Trent's Last Case

This British B-movie stars Orson Welles and the great Miles Malleson, yet it creaks so badly that I was forced to abandon viewing after about ten minutes. The same thing happened when I tried a second time. If anyone out there is more patient, perhaps they can tell me about Orson Welles’ guest cameo. For my part, I saw enough to know that Trent’s Last Case is no The Third Man, and the biggest cuckoo clock in Switzerland can’t turn it around. 

Turn the Key Softly 

Three women are let out of prison together and the film follows them as they criss-cross through the first 24 hours of freedom. They embody three types of womanhood: Monica, “still young”, her girlfriend tells her, and noble and troubled (Yvonne Mitchell, a shoe-in for these roles); Granny Quilliam, a good-hearted, simple soul, inveterately drawn to petty shoplifting (Kathleen Harrison, a welcome presence whenever she turns up), and Stella, pretty and shallow and full of girlish acquisitiveness (a perfectly cast Joan Collins). The positive qualities of Turn the Key Softly include sensitively drawn characterisation and a lustrously filmed London; the West End resembles Wonderland in 1953 (and Cannonbury, unseen, stands for boring respectability). The slide into melodrama towards the end can be forgiven: Turn the Key Softly still makes better viewing than The Snows of Kilimanjaro, starring Gregory Peck and Ava Gardner, the film Stella whiles aways the afternoon with. I know because I once tried watching it myself.   

The Two-Headed Spy 


Ostensibly a British flag-waver about how we won the war. Again. But all these fifties films set during the war had a dual purpose, and Two-Headed is just about right. Jack Hawkins is known for his stiff upper lip, but here, living a lie as a British spy promoted to German officer, his denial of emotion is complete, and he is utterly broken once he lets his guard down. The film offers a case-book study of repression, and offers a few sharp shocks by way of catharsis. In contrast to films actually made during the war, which are sanguine and glib to the point of silliness (see Contraband), post-war British cinema consciously aimed to assuage the national trauma that was World War 2. Jack Hawkins is clearly one of the walking wounded, and is clearly one of us.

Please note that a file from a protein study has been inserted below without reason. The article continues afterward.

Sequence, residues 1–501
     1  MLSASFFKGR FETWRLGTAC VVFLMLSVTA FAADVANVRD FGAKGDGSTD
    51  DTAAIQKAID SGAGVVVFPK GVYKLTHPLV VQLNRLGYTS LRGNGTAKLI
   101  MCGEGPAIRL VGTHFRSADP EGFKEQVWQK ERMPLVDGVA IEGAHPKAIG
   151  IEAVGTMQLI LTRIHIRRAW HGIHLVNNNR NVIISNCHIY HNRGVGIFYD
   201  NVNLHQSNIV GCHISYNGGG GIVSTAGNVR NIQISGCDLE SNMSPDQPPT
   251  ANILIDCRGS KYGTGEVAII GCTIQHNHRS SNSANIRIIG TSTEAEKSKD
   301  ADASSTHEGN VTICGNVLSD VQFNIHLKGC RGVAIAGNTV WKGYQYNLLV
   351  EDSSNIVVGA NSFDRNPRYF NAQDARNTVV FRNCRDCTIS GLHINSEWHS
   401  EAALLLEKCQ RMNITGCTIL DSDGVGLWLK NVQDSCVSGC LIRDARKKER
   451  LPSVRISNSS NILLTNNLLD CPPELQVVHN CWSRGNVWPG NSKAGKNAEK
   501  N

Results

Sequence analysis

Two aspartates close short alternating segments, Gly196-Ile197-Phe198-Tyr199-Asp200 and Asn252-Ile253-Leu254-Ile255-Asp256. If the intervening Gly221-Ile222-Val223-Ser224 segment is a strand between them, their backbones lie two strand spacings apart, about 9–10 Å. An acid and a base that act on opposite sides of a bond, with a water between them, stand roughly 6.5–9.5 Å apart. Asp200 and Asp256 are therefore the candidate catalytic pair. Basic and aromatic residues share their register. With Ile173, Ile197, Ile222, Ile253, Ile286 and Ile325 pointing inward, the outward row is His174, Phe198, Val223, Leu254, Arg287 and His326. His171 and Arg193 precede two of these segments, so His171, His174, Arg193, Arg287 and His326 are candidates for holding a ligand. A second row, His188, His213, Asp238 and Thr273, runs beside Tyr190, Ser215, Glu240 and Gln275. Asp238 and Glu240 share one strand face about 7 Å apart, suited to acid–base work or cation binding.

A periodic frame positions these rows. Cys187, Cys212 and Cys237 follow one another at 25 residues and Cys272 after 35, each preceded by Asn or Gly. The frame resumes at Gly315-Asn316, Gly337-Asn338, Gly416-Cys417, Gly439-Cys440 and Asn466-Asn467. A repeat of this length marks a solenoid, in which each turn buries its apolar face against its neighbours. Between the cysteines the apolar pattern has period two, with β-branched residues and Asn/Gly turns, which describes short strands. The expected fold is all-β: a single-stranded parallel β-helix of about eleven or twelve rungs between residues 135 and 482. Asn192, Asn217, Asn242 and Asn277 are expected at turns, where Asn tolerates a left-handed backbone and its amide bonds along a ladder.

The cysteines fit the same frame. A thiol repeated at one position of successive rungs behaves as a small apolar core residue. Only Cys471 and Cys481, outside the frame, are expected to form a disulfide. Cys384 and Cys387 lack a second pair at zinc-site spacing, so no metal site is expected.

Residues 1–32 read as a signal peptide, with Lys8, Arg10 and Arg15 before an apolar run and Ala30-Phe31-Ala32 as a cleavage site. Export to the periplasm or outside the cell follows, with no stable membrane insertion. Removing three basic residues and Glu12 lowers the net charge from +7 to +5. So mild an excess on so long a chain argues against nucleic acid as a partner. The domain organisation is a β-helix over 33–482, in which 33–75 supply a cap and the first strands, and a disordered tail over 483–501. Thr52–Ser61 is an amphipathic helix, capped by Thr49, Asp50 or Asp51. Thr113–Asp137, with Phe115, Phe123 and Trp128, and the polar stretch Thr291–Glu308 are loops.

Wanted For Murder

From out of nowhere, here’s a film that sheds light on the Peeping Tom controversy. Peeping Tom, made in 1960, was the first film Michael Powell made without his partner Emeric Pressburger since 1937’s The Edge of the World. A portrait of a serial killer, it uncomfortably made the link between film, voyeurism and sex crime, and outraged taste and decency upon its release. For an analogy, imagine if P.G. Wodehouse had followed through Uncle Fred in the Springtime with Last Exit to Brooklyn. A subsequent rehabilitation, led from the front by Martin Scorsese, means that we’re all supposed to hail Peeping Tom as Powell’s masterpiece. I’m not convinced. My own feeling is that Peeping Tom is as nasty and unpleasant as first supposed, and Powell went off the rails without his long-time collaborator’s steadying influence. Wanted For Murder blows that theory right out of the water, as a screen nasty from 1946 about a psycho who goes about London parks strangling women co-written by Emeric Pressburger. It’s every bit as glib about the desperate subject matter as Contraband is glib about World War 2. The tone of Peeping Tom was inappropriate too; that was part of its problem. The viewer began to suspect that Powell was indulging his macabre sense of humour, or worse, his in-jokes, at their expense. Cheerfully despatching Moira Shearer, the star of The Red Shoes, for example. What was that all about? But more than anything, Wanted For Murder raises concern about Eric Portman. What a strange cove he was, consistently drawn to dark and ambiguous characters. Let’s see, there was Eddie in Daybreak, a hangman in his secret life and catatonically numb in everyday existence (Wanted For Murder also treats of the devastating consequences of the hangman’s profession), and there was Thomas Colpepper, the celebrated deviant JP in A Canterbury Tale, sociopathic seaman Hobson in We Dive at Dawn, and an aloof and rigid patrician in A Child in the House. To this list we can now add serial killer Victor James Colebrook to the list. It makes you wonder about Portman the man. A tormented homosexual, I gather, without knowing much about it. PS You have to be eternally vigilant with Apple’s spellcheck facility: Emeric automatically turns into Emetic.   


  1. My 90 year old mother suffers from dementia, but the old British films posted by Dubjax (played on TV using Chromecast) bring her back to like. She slots and recognize actors, which she can't do with more up to Date movies.
    You can't find most of these films elsewhere as most streaming services place no valued on them.
    Dubjax provides a service for the elderly that is, simply, not available anywhere else.
    I love these films, too.

  2. I can't believe Dubjax was taken down AGAIN!! I'm so upset. We are now on Dubjax 26 (Aug 2019) I'm not too sure what YouTube's problem is. Maybe Dubjax will be able to have their own website where everyone can watch the wonderful classics they provide without interruptions. I wouldn't mind paying a small subscription fee and I'm sure I'm not the only one who who pay.